In Social Media We Trust

We have grown accustomed to social media reading our thoughts. One day we are using Facebook to exchange notes about an upcoming wedding invitation, and the next day Facebook ads highlight discounts on potential wedding gifts.

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In Social Media We Trust

We have grown accustomed to social media reading our thoughts. One day we are using Facebook to exchange notes about an upcoming wedding invitation, and the next day Facebook ads highlight discounts on potential wedding gifts. We post photos of a new item of clothing on Instagram and next we are receiving ads from the newest crop of design stars.

Of course our social media apps are not reading our thoughts—they are reading our photos, shopping patterns, and the actual words we write in our emails and posts. We have come to think of this type of targeted advertising as unremarkable, even as, in recent years, we have become aware of the potential havoc this type of micro-targeting can wreak on our democratic process.

But what if this micro-targeting, instead of being only a force to generate consumer interest, were also a force for good? What if our words offer a means to ameliorate an important public health problem like Americans’ growing suicide rate?

Let’s say that InstaTwitBook had an algorithm that could quite accurately judge that a user was suicidal from changes in the language she communicated online. Let’s say that site administrators could send this person at risk for suicide a gentle message suggesting that she is evincing warning signs of depression, or maybe even nudge her by directing advertisements about local mental health counseling to her without overtly mentioning mood. Let’s say that 3,500 persons could be reliably identified and sent such messages this year and that 1 in 100 would lead to care-seeking and 35 suicides averted. And it’s not just InstaTwitBook that has the power of detection. Phone companies may be able to tell from your voice if you’re depressed, and use that information to identify who may benefit from mental health help.

Are we okay with this company’s public health action, if done not to make money, but for the good of its users? Should InstaTwitBook pursue this public health campaign to save lives in our era of rising suicide deaths?

In some ways we do not see why we should not be in favor of this. After all, we accept intrusion about issues that matter much less than issues of life and death. But we are also not blind to the challenges that arise from this approach. In part, the scale of the challenge depends on the harm of the inevitable inaccuracy, of false-positive results, and the sending of notifications to persons who aren’t suicidal. What if there were unintended consequences; what if depressed persons stayed away from social media, growing more isolated, rather than get singled out?

Answers to these questions would take some research, and to conduct such research will require that social media companies be open to third party investigators using their data. Given the reach of social media, and the potential for good that such efforts can achieve, we think such research is long overdue.

Michael Stein & Sandro Galea

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Vending machines in the US sell $10 billion of candies and snacks a year. These authors chose highly-used machines at one university, grouped healthier products (marked “Eat Well”) into one eye-level section that accounted for one-third of these machines’ displays, and raised the price of popular candy bars 25%. They compared individual sales and overall financial performance with other unmodified machines on campus. During the two-month intervention period, 21.3% of products purchased from the intervention machines were healthier choices, compared to 1.3% of purchases from comparison machines. Revenue was not compromised compared to the previous year among the intervention machines. Health-promoting interventions can influence consumers who are undecided about what snack to choose when they approach a vending machine.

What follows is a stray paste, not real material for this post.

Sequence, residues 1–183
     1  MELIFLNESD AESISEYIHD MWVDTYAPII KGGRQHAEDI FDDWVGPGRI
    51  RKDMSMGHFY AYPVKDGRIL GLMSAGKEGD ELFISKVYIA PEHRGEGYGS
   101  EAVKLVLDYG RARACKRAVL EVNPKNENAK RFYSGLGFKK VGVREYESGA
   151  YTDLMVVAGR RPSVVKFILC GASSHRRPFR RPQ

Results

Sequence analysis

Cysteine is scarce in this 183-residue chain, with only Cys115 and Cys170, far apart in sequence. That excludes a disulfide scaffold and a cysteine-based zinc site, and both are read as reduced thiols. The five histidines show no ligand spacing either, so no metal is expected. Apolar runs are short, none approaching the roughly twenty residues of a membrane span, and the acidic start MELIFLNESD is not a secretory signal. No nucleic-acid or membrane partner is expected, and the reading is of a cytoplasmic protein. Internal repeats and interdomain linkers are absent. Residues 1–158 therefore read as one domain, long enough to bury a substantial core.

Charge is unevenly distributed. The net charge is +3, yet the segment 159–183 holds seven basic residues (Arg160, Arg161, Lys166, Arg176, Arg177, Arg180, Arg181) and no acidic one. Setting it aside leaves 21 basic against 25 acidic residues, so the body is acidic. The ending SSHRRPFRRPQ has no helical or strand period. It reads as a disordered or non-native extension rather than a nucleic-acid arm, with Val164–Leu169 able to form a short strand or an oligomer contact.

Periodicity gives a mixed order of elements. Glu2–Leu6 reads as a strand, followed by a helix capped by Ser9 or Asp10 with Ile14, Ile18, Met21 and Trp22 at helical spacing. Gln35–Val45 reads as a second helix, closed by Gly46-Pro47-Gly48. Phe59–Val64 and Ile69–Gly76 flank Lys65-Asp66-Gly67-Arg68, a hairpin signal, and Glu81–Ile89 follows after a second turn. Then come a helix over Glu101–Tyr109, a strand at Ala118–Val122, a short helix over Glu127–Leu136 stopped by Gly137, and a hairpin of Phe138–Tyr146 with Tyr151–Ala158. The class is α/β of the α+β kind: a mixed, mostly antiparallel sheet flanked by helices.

The Data graphic

In 2012, when US Representative Todd Akin from Missouri was asked if abortion was justified in cases of rape, he notoriously said that pregnancy as a result of rape is rare because “the female body has ways to try and shut that whole thing down.” Arguments made against abortion, like this one, are often riddled with pseudoscience.

As the map above shows, 29 states, home to 88 million women, have implemented at least two abortion restrictions not backed by scientific evidence.

For example, Texas’s “Woman’s Right to Know” booklet, offered to patients before having an abortion, uses deceptive language to lead readers to believe that abortion increases the risk of breast cancer. The Washington Post’s Fact Checker gave this claim in the booklet three “Pinocchios” on their rating scale, meaning that there was a “significant factual error” present. The American College of Obstetricians and Gynecologists released a statement in 2009 concluding that there is “no association between induced abortion and breast cancer.”

Kentucky’s Senate Bill 5, passed in 2017, made it illegal to have an abortion after the twentieth week of pregnancy. The sponsor of the bill cited fetal pain as justification for the law, calling abortion after 20 weeks an “awful painful experience” for the fetus. However, a review of fetal pain evidence found that fetuses are unlikely to feel pain before the third trimester (around 29 weeks).
Kansas, Texas, and South Dakota have the highest number of these types of pseudoscientific restrictions with seven each.